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Rarest strange decay shrinks from sight

29 November 2019

A report from the LHCb experiment

Fig. 1.

For every trillion K0S, only five are expected to decay to two muons. Like the better known Bs → μ+ μ decay, which was first observed jointly by LHCb and CMS in 2013, the decay rate is very sensitive to possible contributions from yet-to-be discovered particles that are too heavy to be observed directly at the LHC, such as leptoquarks or supersymmetric partners. These particles could significantly enhance the decay rate, up to existing experimental limits, but could also suppress it via quantum interference with the Standard Model (SM) amplitude.

Despite the unprecedented K0S production rate at the LHC, searching for K0S → μ+μ is challenging due to the low transverse momentum of the two muons, typically of a few hundred MeV/c. Though primarily designed for the study of heavy-flavour particles, LHCb’s unique ability to select low transverse-momentum muons in real time makes the search feasible. According to SM predictions, just two signal events are expected in the Run-2 data, potentially making this the rarest decay ever recorded.

The analysis uses two machine-learning tools: one to discriminate muons from pions, and another to discriminate signal candidates from the so-called combinatorial background that arises from coincidental decays. Additionally, a detailed and data-driven map of the detector material around the interaction point helps to reduce the “fixed-target” background caused by particles interacting with the detector material. A background of K0S → π+π decays dominates the selection, and in the absence of a compelling signal, an upper limit to the branching fraction of 2.1 × 10–10 has been set at 90% confidence. This is approximately four times more stringent than the previous world-best limit, set by LHCb with Run-1 data. This result has implications for physics models with leptoquarks and some fine-tuned regions of the Minimal Supersym­metric SM.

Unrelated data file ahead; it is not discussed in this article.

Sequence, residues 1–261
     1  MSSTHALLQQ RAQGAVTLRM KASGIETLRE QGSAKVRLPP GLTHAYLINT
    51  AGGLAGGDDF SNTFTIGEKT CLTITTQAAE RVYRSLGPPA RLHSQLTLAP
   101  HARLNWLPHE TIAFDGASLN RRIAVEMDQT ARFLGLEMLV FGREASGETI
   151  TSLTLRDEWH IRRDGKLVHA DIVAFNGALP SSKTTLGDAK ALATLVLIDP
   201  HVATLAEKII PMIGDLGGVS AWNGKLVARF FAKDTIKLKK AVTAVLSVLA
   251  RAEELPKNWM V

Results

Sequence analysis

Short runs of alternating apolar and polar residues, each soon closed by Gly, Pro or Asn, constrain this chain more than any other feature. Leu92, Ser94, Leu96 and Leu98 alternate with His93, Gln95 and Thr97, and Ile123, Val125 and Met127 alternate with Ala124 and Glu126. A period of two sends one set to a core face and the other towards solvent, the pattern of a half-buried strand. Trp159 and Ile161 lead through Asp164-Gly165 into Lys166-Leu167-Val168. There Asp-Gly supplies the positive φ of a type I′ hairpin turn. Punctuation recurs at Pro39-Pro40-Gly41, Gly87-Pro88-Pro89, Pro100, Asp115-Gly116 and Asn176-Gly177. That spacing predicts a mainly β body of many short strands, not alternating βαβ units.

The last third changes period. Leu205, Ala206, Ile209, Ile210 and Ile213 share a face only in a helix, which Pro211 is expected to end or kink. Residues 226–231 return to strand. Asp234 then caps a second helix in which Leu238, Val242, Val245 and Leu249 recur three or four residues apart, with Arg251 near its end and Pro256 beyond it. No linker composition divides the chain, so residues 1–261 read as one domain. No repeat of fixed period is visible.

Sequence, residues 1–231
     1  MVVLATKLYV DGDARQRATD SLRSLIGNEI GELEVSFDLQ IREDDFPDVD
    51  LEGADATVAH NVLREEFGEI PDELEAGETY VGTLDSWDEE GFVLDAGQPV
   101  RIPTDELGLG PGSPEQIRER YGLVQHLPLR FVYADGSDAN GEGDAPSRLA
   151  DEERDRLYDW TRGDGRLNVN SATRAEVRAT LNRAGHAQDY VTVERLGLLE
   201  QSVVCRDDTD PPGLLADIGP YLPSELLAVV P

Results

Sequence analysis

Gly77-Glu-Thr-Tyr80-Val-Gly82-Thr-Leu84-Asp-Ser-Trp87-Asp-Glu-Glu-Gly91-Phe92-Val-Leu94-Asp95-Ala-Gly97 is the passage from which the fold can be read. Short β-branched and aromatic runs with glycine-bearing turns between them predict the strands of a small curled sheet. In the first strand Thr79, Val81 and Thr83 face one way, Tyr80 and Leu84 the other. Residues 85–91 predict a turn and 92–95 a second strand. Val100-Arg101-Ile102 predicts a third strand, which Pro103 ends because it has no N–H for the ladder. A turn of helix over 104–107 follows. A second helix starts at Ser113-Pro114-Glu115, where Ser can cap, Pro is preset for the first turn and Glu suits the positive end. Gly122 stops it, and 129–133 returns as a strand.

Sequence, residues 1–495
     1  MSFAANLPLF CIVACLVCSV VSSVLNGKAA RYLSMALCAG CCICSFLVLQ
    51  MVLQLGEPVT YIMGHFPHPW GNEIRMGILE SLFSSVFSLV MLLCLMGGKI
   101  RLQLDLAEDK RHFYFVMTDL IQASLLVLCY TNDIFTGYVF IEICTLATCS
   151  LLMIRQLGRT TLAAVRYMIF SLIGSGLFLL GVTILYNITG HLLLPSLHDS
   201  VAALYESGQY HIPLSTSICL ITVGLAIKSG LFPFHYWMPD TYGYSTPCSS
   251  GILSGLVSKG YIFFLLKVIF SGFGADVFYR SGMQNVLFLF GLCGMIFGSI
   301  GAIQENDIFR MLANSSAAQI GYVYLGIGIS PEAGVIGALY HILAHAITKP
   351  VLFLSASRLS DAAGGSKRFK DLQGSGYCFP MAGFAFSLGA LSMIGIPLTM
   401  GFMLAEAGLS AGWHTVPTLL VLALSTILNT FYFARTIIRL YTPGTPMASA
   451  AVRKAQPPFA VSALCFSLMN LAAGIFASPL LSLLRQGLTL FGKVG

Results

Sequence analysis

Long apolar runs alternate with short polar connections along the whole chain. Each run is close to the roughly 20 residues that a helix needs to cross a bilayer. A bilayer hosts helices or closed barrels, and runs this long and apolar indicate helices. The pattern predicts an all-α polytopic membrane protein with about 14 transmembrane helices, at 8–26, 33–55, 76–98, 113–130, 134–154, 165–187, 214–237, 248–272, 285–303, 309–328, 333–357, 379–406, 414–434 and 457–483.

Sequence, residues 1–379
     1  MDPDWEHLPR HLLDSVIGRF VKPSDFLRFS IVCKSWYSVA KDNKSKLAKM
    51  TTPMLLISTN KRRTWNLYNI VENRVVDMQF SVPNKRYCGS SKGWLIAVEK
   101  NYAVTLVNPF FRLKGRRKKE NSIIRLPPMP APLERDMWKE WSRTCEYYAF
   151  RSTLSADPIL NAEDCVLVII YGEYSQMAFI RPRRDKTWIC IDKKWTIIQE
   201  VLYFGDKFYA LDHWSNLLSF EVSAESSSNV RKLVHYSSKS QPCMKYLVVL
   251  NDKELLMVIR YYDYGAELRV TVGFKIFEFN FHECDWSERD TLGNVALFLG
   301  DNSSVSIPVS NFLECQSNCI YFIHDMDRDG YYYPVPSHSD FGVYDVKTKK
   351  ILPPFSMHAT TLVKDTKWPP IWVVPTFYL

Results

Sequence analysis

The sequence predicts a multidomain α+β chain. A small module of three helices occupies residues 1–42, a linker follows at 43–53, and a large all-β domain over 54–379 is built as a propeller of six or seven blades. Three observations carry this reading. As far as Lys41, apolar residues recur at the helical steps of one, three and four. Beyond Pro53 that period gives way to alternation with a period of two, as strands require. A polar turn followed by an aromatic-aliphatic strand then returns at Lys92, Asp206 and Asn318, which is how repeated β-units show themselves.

The upgraded LHCb detector, scheduled to begin operating in 2021 after the present long shutdown of the LHC, will offer excellent opportunities to improve the precision of this search and eventually find a signal. In addition to the increased luminosity, the LHCb upgrade will have a full software trigger, which is expected to significantly improve the signal efficiency for K0S → μ+μ and other decays with very soft final-state particles.

Further reading

LHCb Collab. 2019 LHCb-CONF-2019-002.

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